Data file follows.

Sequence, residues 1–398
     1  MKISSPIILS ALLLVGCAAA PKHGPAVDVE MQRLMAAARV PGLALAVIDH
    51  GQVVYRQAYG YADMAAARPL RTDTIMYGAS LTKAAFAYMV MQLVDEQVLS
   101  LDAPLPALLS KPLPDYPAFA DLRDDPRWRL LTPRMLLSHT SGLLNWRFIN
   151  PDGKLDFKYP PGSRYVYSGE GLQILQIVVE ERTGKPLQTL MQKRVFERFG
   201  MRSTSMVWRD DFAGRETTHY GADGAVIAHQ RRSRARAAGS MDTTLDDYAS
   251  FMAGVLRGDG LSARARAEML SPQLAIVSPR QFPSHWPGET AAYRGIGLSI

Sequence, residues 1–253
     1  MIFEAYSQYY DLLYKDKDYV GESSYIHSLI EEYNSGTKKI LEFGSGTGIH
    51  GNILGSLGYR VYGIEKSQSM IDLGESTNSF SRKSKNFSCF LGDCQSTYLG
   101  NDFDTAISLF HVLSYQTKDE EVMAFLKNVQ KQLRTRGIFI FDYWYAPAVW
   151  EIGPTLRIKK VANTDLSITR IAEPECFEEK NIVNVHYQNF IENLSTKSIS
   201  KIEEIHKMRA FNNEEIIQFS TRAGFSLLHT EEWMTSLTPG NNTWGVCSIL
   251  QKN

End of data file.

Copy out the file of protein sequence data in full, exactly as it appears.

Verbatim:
Sequence, residues 1–398
     1  MKISSPIILS ALLLVGCAAA PKHGPAVDVE MQRLMAAARV PGLALAVIDH
    51  GQVVYRQAYG YADMAAARPL RTDTIMYGAS LTKAAFAYMV MQLVDEQVLS
   101  LDAPLPALLS KPLPDYPAFA DLRDDPRWRL LTPRMLLSHT SGLLNWRFIN
   151  PDGKLDFKYP PGSRYVYSGE GLQILQIVVE ERTGKPLQTL MQKRVFERFG
   201  MRSTSMVWRD DFAGRETTHY GADGAVIAHQ RRSRARAAGS MDTTLDDYAS
   251  FMAGVLRGDG LSARARAEML SPQLAIVSPR QFPSHWPGET AAYRGIGLSI

Sequence, residues 1–253
     1  MIFEAYSQYY DLLYKDKDYV GESSYIHSLI EEYNSGTKKI LEFGSGTGIH
    51  GNILGSLGYR VYGIEKSQSM IDLGESTNSF SRKSKNFSCF LGDCQSTYLG
   101  NDFDTAISLF HVLSYQTKDE EVMAFLKNVQ KQLRTRGIFI FDYWYAPAVW
   151  EIGPTLRIKK VANTDLSITR IAEPECFEEK NIVNVHYQNF IENLSTKSIS
   201  KIEEIHKMRA FNNEEIIQFS TRAGFSLLHT EEWMTSLTPG NNTWGVCSIL
   251  QKN